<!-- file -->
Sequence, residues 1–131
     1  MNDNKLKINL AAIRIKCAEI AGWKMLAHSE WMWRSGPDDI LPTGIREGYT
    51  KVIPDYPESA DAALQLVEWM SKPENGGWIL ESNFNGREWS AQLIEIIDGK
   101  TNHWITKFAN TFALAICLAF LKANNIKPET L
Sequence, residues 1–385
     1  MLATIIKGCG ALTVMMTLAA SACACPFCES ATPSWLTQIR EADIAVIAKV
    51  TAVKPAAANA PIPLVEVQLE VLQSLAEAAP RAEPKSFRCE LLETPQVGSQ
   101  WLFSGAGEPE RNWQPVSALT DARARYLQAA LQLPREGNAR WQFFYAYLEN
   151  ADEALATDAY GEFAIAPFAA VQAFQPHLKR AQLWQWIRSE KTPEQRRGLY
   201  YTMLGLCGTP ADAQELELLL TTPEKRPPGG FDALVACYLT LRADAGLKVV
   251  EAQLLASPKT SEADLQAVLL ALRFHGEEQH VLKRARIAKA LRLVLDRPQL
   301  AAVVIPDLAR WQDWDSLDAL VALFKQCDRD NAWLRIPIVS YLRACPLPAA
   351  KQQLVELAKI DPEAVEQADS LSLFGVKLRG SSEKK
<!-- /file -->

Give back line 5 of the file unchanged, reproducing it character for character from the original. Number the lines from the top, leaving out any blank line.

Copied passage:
Sequence, residues 1–385